collapse

[ kuh-laps ]
/ kəˈlæps /
See synonyms for: collapse / collapsed / collapsing on Thesaurus.com

verb (used without object), col·lapsed, col·laps·ing.

verb (used with object), col·lapsed, col·laps·ing.

to cause to collapse: He collapsed the table easily.

noun

a falling in or together: Three miners were trapped by the collapse of the tunnel roof.
a sudden, complete failure; breakdown: The bribery scandal brought about the complete collapse of his industrial empire.

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Origin of collapse

1725–35; <Latin collāpsus (past participle of collābī to fall, fall in ruins), equivalent to col-col-1 + lāp-, variant stem of lābī to fall + -sus, variant of -tus past participle ending

OTHER WORDS FROM collapse

pre·col·lapse, verb, pre·col·lapsed, pre·col·laps·ing.un·col·lapsed, adjective
Dictionary.com Unabridged Based on the Random House Unabridged Dictionary, © Random House, Inc. 2021

VOCAB BUILDER

What does collapse mean?

Collapse means to break apart suddenly, as in The rickety bridge collapsed into the river. If something collapses, it falls apart or caves in quickly and suddenly. Usually, something collapses because it’s unable to support its own weight.

Collapse can also be used figuratively to mean to fail or break down, as in The party quickly collapsed when two groups started fighting with each other. 

Collapse can also mean to fall unconscious or to pass out, as in The marathon runner collapsed due to heat stroke.  

Collapse can also be used as a noun in any of these senses, as in She determined that the coins dated back to the collapse of the Ottoman Empire. 

Example: I had to rebuild my house of cards after the wobbly table caused it to collapse.

Where does collapse come from?

The first records of collapse come from around 1725. It comes from the Latin collābī, meaning “to fall to ruins.” To collapse is to literally or figuratively fall, usually suddenly.

With any building or man-made structure, a big concern is the structure collapsing. To prevent this, structures are reinforced to be as sturdy as possible. Modern building collapses are usually due to poor construction methods or a lack of building maintenance. Building and bridge collapses are often major tragedies that cause death and extensive damage.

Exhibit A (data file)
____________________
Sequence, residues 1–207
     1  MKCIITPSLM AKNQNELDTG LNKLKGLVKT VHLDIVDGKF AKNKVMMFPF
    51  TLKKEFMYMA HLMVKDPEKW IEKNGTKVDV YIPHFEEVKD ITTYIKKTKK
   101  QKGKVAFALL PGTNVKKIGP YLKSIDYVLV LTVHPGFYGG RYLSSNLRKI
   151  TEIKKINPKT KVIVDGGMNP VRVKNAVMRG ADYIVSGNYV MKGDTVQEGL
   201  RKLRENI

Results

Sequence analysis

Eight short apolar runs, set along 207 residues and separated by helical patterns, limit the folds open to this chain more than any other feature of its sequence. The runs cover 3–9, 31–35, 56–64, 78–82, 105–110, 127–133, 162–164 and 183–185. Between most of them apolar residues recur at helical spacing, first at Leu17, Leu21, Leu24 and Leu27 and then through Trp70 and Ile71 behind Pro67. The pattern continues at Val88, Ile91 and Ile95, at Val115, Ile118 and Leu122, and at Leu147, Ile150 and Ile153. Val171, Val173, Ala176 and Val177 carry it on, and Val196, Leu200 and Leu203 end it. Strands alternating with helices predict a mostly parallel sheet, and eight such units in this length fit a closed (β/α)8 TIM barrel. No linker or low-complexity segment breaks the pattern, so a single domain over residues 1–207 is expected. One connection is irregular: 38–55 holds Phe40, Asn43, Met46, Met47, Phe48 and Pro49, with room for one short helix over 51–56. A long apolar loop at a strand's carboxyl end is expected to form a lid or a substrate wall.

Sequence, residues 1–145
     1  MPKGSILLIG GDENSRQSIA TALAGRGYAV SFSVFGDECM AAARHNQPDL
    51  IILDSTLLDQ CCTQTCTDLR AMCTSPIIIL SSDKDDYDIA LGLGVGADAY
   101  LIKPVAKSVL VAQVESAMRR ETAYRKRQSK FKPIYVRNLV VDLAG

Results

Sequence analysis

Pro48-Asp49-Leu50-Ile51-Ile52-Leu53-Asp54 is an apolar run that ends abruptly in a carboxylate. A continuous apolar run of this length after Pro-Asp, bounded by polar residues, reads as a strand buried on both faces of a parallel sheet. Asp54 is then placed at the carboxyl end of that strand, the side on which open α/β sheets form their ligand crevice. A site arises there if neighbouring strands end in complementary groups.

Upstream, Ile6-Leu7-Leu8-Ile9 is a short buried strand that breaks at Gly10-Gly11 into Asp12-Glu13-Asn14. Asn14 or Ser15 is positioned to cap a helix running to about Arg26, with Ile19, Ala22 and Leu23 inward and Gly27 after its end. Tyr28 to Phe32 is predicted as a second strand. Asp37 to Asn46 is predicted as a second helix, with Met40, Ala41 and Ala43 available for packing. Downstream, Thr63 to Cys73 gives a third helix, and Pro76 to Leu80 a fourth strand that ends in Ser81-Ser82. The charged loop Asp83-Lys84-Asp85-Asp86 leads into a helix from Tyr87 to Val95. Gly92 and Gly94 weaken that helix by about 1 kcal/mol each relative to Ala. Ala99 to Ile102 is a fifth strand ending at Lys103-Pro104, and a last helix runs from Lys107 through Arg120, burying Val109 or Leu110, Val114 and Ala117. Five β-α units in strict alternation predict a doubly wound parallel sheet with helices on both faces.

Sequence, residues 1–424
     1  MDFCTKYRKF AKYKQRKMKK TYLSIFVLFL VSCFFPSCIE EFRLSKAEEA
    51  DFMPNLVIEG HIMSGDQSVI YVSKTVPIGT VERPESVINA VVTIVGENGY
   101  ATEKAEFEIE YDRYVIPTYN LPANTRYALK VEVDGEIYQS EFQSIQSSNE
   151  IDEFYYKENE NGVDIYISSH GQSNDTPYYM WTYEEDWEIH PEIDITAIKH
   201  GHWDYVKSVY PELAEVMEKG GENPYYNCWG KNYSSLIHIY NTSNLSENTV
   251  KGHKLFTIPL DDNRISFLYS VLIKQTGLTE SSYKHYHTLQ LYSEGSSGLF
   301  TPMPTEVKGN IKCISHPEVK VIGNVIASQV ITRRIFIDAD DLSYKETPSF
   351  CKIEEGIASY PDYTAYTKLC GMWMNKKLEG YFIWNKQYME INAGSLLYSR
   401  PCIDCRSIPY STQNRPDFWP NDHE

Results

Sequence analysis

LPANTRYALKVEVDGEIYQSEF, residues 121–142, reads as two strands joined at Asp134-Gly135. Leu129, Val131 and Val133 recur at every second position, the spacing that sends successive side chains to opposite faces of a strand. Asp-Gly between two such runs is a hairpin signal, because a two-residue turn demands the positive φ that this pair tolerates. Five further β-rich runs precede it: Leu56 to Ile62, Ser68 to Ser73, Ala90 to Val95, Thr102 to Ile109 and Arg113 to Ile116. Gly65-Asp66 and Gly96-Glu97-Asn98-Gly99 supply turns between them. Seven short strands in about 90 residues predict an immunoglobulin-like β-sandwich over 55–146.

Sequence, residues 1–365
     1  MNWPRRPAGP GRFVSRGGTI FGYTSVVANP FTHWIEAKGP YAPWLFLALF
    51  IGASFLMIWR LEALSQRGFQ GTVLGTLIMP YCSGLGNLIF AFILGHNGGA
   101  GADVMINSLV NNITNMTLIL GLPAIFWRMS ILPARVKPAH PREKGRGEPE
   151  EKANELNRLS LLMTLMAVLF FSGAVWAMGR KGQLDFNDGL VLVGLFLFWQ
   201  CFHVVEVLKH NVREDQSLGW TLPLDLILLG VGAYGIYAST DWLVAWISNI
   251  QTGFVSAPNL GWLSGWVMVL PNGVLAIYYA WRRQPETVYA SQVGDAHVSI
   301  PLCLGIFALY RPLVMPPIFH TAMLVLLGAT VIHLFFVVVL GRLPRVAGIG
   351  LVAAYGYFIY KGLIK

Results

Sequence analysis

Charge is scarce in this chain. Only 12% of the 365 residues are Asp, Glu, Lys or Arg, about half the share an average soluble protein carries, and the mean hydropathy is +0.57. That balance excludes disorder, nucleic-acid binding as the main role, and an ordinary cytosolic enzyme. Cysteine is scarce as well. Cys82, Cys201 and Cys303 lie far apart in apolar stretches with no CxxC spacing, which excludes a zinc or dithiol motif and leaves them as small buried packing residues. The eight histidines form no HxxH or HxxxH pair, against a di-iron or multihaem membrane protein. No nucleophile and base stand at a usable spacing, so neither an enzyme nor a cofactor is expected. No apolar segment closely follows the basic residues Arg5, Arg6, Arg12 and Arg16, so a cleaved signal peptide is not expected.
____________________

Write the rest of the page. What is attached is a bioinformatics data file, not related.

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What are some other forms related to collapse?

  • precollapse (verb)
  • uncollapsed (adjective)
  • collapsible (adjective)
  • collapsibility (noun)

What are some synonyms for collapse?

What are some words that share a root or word element with collapse

What are some words that often get used in discussing collapse?

How is collapse used in real life?

Collapse is a common word that means to fall apart or suddenly fail.

 

 

Try using collapse!

Is collapse used correctly in the following sentence?

The company collapsed when it released a popular new toy and became more successful than ever.

Example sentences from the Web for collapse

British Dictionary definitions for collapse

collapse
/ (kəˈlæps) /

verb

(intr) to fall down or cave in suddenlythe whole building collapsed
(intr) to fail completelyhis story collapsed on investigation
(intr) to break down or fall down from lack of strength
to fold (furniture, etc) compactly or (of furniture, etc) to be designed to fold compactly

noun

the act or instance of suddenly falling down, caving in, or crumbling
a sudden failure or breakdown

Derived forms of collapse

collapsible or collapsable, adjectivecollapsibility or collapsability, noun

Word Origin for collapse

C18: from Latin collāpsus, from collābī to fall in ruins, from lābī to fall
Collins English Dictionary - Complete & Unabridged 2012 Digital Edition © William Collins Sons & Co. Ltd. 1979, 1986 © HarperCollins Publishers 1998, 2000, 2003, 2005, 2006, 2007, 2009, 2012

Medical definitions for collapse

collapse
[ kə-lăps ]

v.

To break down suddenly in strength or health and thereby fall into a condition of extreme prostration.
To fall together or inward suddenly.

n.

A condition of extreme prostration.
A falling together of the walls of a structure.
The failure of a physical system.
The American Heritage® Stedman's Medical Dictionary Copyright © 2002, 2001, 1995 by Houghton Mifflin Company. Published by Houghton Mifflin Company.